Here’s how to hunt elk in Colorado on a budget
Author’s note: This is part three of a three-part column series about my recent Colorado elk hunt.
Let me be up front. Even a low-budget elk hunt involves expense, but if you are one of the many deer hunters who have dreamed about an elk hunt in the Western U.S., it may be within your reach, financially and otherwise. Although Western outfitters and private ranches charge anywhere from $3,000 to $10,000, my scenario involves significantly less money.
My tenth Colorado elk hunt, and one of the best yet, is a recent memory. Only one of these elk hunts involved an outfitter; the rest were low-budget hunts like I am about to describe. The last trip, involving six hunters, cost me just under $1,000, and that includes some new gear purchased for the trip. And I wound up with half an elk in my family freezer.
That’s the good news. The not-so-good news is that low-budget hunts involve hard work and personal discomfort. Take it from me, no matter how much experience you have had, there is just no escaping the aforementioned downside of a low-budget elk hunt.
Here are some of the basics that will keep you on course and your costs within reason:
1.The Colorado elk lottery is your best statistical chance of being awarded an elk tag. Bulls are too expensive. A cow tag is $450.
2.A group of hunters, three and no more than 4, need to drive, preferably nonstop, from the East to Colorado. At today’s prices, gas for the round trip will be between $800 and $1,000. (Remember you are dividing this expense among four hunters).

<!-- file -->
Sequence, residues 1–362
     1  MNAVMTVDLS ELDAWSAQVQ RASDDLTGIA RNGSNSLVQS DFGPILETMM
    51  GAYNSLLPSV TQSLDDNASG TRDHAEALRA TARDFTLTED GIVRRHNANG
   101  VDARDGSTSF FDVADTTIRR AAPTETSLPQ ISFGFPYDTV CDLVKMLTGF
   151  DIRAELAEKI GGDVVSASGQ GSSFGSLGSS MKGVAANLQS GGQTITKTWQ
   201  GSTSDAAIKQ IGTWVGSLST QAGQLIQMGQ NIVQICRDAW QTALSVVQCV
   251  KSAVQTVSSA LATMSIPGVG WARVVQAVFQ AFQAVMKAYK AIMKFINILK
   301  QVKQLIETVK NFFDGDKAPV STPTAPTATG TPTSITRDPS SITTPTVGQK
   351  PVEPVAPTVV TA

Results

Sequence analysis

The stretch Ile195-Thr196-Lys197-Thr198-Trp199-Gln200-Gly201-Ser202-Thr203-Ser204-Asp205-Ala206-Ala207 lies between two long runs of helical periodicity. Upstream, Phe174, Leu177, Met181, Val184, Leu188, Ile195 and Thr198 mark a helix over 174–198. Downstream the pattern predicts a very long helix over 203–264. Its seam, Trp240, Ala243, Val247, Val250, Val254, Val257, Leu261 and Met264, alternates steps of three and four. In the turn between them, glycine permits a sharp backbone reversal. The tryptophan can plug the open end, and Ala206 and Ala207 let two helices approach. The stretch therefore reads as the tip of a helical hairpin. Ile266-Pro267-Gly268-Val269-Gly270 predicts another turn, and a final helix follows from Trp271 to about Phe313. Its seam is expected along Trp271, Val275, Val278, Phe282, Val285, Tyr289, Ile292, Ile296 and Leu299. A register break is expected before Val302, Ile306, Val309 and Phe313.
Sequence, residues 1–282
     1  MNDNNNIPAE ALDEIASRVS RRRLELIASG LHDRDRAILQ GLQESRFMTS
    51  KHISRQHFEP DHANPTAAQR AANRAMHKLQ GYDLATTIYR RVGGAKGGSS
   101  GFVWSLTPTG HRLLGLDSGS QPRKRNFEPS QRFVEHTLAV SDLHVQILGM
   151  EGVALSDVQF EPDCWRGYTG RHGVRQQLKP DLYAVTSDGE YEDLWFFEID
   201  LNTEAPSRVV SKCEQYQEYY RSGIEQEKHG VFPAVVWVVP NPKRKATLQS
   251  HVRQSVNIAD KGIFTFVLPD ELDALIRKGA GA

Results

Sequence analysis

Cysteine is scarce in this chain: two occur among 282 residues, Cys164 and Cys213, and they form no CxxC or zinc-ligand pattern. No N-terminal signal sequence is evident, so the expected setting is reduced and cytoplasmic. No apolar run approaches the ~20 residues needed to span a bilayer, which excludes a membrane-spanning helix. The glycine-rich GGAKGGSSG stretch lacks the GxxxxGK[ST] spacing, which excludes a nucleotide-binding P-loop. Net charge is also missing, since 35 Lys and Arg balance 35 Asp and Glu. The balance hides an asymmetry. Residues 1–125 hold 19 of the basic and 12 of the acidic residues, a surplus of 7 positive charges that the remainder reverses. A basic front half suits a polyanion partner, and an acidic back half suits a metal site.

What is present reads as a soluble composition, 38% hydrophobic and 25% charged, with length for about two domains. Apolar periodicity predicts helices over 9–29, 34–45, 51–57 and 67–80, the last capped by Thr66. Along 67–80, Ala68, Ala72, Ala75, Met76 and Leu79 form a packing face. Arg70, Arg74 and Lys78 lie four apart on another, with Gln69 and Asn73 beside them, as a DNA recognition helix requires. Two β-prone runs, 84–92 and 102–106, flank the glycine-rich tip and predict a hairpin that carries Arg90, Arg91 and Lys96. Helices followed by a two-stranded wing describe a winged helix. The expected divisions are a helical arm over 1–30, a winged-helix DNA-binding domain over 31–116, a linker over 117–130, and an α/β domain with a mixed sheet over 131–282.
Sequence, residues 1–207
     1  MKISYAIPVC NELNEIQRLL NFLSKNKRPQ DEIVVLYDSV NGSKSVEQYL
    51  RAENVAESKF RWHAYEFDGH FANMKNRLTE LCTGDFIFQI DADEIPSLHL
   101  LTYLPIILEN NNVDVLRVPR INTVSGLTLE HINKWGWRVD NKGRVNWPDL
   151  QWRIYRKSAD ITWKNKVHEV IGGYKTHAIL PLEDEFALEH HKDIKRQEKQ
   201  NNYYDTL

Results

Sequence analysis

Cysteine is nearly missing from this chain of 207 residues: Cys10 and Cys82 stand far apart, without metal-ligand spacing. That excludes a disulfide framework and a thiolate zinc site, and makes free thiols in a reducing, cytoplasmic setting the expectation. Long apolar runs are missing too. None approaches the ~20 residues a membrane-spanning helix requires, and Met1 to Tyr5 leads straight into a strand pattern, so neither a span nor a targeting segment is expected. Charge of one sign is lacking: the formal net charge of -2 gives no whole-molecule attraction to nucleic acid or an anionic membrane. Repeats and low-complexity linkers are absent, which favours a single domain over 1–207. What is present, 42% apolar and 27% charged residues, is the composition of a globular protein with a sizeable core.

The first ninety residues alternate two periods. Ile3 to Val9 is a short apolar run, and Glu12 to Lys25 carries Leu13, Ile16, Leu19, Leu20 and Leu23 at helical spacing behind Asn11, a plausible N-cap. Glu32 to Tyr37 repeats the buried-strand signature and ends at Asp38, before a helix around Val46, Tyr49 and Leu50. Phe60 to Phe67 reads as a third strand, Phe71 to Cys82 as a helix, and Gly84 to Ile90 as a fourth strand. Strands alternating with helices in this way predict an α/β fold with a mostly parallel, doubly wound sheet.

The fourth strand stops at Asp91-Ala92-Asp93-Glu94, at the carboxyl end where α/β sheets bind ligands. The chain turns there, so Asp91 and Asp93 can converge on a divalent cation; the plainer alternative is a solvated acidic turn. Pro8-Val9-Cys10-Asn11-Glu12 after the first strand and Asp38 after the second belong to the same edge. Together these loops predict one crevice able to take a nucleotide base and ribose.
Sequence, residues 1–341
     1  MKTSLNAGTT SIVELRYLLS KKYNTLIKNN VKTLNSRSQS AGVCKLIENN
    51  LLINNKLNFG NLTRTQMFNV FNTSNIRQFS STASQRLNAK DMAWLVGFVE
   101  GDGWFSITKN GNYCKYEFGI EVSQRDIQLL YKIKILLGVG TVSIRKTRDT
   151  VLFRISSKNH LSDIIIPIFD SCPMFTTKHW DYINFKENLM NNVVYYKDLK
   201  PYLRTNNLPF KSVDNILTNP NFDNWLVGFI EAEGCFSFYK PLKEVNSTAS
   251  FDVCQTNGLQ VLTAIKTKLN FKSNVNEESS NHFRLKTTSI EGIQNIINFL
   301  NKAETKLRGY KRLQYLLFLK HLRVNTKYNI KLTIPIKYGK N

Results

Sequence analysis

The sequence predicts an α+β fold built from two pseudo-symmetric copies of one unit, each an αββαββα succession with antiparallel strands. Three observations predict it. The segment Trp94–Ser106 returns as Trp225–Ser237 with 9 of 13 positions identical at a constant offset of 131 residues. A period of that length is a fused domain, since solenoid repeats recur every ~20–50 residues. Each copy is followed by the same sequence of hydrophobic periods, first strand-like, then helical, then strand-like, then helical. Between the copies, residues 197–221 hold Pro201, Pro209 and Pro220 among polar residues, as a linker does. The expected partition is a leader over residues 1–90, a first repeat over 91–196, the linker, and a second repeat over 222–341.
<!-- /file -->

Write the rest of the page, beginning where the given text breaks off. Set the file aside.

3.The first rifle season in Colorado is always your best bet for hunt success.
4.Start planning now for either 2018 or 2019. Do your advance work, which includes acquiring maps of the National Forests ( Routt is a good choice). Begin a savings program. Give up beer and smokes, or some other discretionary expense, and put the unspent money in an elk-hunt \kitty.
5.Don’t go crazy buying new gear, which is the temptation. The must-have gear for an elk hunt are quality boots, a big backpack that will hold at least 45 lbs of gear, and a warm zero-degree sleeping bag.
6.A pickup truck with four-wheel drive and chains is highly recommended. Bring lots of coolers.
Some final thoughts. Give careful consideration to selection of your hunt buddies. It’s best to select hunting partners who are field tested. Sometimes your best buddy is not the best choice for a trip like this. You need hunt partners who are in shape, even-tempered, woodswise and resourceful. You want individuals who can tolerate sleep and calorie deprivation, tough hiking conditions at altitude and uncertain weather conditions.
There are many other “tricks” of the trade that I am more than willing to share, but this will get you
started. You can get additional information from the Colorado Parks and Wildlife website, which is: cpw.state.co.us. If I haven’t discouraged you, and you are still considering this hunt adventure, which, by the way, has meant so much to me over the years, I will be happy to answer any questions you may have. E-mail questions or comments to me at: email@example.com.
One final thought: Beware, elk hunting and the Colorado high country can be a tough habit to kick.
The author is editor of the ”Northwoods Sporting Journal.” He is also a Maine guide and host of a weekly radio program — ”Maine Outdoors” — heard Sundays at 7 p.m. on ”The Voice of Maine News - Talk Network.” He has authored three books; online purchase information is available at www.maineoutdoorpublications.com.